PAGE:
Egg Metabolites Lower Type 2 Diabetes Risk: Insights into a Potential Mechanism

New egg nutrition research was making the headlines once again recently with the news of a new study that showed consumption of one egg every day is associated with a blood metabolite profile that would indicate a lower risk of type 2 diabetes.

The study1, published in the journal Molecular Nutrition and Food Research, examined 2,682 men aged 42-60 years of age as part of the Kuopio Ischemic Heart Disease (KIHD) Risk Factor Study in Finland. Dietary intakes were assessed with 4-day food records at baseline while type 2 diabetes incidence was assessed at 4, 11, and 20 years. Researchers compared the metabolic profile of individuals with higher egg intake – about one egg per day – to the metabolic profile of those with lower egg intake – about two eggs per week on average. The authors then took this information and looked for any relationships between those who developed type 2 diabetes or those who otherwise remained healthy during a follow-up period of almost 20 years.

The authors found different metabolic profiles between those with higher egg intake compared to those with lower intake. Specifically, individuals with higher egg intake tended to have lower levels of metabolites that are linked with type 2 diabetes, whereas individuals with lower egg intake had higher levels of metabolites that are linked to higher risk of type 2 diabetes.

This new study provides unique insight towards potential mechanisms by which egg intake may lower risk for developing type 2 diabetes over time. It is possible that the metabolic profile of high egg consumers may be a factor in reducing type 2 diabetes risk over time. Whether egg intake promotes metabolites involved in type 2 diabetes risk reduction or reduces metabolites involved in increasing type 2 diabetes risk is not clear from this study and thus more research is needed.

Interestingly, this new study is a follow-up secondary analysis from a study2 originally published in 2015 in the American Journal of Clinical Nutrition, and it is important to look back at what the original study found. The original study included the same cohort of Finish men in the KISHD Risk Factor Study in Finland. After adjustment for potential confounders, those in the highest compared with the lowest egg intake quartile had a 38% lower risk of incident type 2 diabetes. The authors also reported lower levels of C-reactive protein, an indicator of inflammation, and lower fasting glucose with higher egg intake.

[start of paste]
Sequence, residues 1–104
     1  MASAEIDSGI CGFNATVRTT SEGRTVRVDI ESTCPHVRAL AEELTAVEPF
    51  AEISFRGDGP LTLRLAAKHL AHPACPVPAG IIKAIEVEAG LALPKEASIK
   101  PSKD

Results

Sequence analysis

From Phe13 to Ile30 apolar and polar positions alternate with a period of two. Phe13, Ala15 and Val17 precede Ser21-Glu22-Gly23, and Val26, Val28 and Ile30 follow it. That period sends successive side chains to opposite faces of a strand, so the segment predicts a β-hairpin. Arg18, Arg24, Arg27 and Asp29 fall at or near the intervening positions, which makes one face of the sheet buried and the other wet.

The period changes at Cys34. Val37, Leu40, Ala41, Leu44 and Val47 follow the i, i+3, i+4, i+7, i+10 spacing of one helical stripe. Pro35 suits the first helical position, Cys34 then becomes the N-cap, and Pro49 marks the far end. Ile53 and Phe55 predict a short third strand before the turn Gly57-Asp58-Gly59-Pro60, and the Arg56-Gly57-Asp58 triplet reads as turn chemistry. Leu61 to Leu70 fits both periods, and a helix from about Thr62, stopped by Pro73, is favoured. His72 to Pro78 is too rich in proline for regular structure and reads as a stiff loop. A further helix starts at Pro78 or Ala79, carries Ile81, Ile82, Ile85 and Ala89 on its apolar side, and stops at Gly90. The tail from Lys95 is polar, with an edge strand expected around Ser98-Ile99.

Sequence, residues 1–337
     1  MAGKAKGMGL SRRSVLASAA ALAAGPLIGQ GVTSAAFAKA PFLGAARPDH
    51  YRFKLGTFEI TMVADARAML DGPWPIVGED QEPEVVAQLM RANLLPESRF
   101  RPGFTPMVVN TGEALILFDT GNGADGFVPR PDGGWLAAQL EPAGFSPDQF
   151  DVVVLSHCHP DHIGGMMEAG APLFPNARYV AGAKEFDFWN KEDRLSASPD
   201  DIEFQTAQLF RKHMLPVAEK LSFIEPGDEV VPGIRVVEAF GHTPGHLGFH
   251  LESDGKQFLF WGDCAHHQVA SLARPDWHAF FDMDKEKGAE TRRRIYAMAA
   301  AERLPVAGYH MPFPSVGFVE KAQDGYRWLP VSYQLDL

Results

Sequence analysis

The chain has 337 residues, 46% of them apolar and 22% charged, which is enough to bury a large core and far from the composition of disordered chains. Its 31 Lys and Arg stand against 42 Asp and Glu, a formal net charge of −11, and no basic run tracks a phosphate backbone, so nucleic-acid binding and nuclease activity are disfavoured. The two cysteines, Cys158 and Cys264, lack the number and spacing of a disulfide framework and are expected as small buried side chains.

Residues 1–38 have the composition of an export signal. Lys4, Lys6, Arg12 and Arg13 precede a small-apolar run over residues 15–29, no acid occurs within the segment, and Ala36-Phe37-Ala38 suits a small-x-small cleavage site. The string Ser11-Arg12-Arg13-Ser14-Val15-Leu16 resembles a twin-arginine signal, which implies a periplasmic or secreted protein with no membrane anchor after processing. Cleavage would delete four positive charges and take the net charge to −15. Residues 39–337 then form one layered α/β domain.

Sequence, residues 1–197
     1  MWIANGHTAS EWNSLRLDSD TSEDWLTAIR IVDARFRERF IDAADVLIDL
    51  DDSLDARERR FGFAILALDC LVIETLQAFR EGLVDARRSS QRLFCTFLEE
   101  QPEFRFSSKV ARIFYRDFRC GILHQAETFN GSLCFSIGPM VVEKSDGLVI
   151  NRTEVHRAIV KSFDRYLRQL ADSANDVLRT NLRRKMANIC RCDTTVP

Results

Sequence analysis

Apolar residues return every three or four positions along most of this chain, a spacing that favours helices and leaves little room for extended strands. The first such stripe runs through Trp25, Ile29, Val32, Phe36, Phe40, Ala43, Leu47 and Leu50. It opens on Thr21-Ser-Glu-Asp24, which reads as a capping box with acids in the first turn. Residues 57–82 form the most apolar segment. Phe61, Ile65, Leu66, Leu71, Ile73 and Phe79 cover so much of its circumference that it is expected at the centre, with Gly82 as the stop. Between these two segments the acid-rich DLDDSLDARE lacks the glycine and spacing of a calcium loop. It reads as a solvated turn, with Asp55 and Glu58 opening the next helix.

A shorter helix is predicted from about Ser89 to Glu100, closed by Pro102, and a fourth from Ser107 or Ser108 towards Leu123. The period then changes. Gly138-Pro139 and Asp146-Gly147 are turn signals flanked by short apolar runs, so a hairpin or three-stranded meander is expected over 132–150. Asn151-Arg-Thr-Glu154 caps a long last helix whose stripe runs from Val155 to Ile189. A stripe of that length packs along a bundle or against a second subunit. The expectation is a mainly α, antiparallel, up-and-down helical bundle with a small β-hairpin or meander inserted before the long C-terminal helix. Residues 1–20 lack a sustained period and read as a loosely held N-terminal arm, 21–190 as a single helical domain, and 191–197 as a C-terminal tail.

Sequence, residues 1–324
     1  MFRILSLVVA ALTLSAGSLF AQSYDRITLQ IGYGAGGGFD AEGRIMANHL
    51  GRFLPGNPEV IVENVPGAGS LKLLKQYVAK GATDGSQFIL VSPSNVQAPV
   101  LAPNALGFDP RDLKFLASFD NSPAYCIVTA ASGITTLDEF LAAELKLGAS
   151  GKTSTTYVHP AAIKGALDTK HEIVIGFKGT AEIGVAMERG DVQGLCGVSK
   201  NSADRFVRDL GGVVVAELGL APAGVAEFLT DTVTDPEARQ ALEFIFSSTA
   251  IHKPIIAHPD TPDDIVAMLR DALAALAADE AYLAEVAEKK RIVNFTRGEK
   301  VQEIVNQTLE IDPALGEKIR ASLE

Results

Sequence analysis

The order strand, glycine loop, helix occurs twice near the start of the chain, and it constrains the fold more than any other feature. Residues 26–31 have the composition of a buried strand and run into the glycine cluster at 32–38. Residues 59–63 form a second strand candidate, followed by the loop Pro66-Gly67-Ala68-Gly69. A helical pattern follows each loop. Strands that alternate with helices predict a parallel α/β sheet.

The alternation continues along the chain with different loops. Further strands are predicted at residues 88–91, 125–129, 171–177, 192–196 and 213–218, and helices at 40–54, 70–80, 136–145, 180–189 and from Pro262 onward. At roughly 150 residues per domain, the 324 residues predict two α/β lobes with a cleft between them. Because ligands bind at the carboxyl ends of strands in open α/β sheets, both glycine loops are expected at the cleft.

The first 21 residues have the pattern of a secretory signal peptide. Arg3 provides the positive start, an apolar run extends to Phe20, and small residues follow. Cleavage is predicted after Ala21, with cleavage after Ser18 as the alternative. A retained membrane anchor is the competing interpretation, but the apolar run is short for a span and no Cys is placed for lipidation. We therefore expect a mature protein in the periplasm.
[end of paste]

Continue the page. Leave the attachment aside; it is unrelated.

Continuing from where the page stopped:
When viewed together, the results of these studies from the KIHD cohort suggest a reduced risk for type 2 diabetes with egg consumption, an association that may be due in part to a favorable metabolic profile of high egg consumers.

The American Diabetes Association3 and the American Heart Association4 encourage people with diabetes to consume a healthy dietary pattern that includes nutrient-rich foods.  A large egg provides 13 essential vitamins and minerals, 6 grams of protein (12% DV), as well as 250 mcg of antioxidants lutein and zeaxanthin, and these new data continue to support that eggs are a beneficial part of healthy dietary patterns.

For more information on other recent studies examining eggs and type 2 diabetes, be sure to read this research summary from ENC’s Nutrition Research Update.



  1. Noerman S et al. Metabolic Profiling of High Egg Consumption and the Associated Lower Risk of Type 2 Diabetes in Middle-Aged Finnish Men. Mol Nutr Food Res. 2018 Dec 12. [Epub ahead of print]
  2. Virtanen JK, et al. Egg consumption and risk of incident type 2 diabetes in men: the Kuopio Ischaemic Heart Disease Risk Factor Study. Am J Clin Nutr. 2015 May;101(5):1088-96.
  3. American Diabetes Association. Standards of Medical Care in Diabetes – 2017.  Diabetes Care. 2017;40 (supplement 1): S33-43.
  4. Fox CS, Golden SH, Anderson C, et al. Update on Prevention of Cardiovascular Disease in Adults With Type 2 Diabetes Mellitus in Light of Recent Evidence: A Scientific Statement From the American Heart Association and the American Diabetes Association. Diabetes Care 2015;38:1777-1803.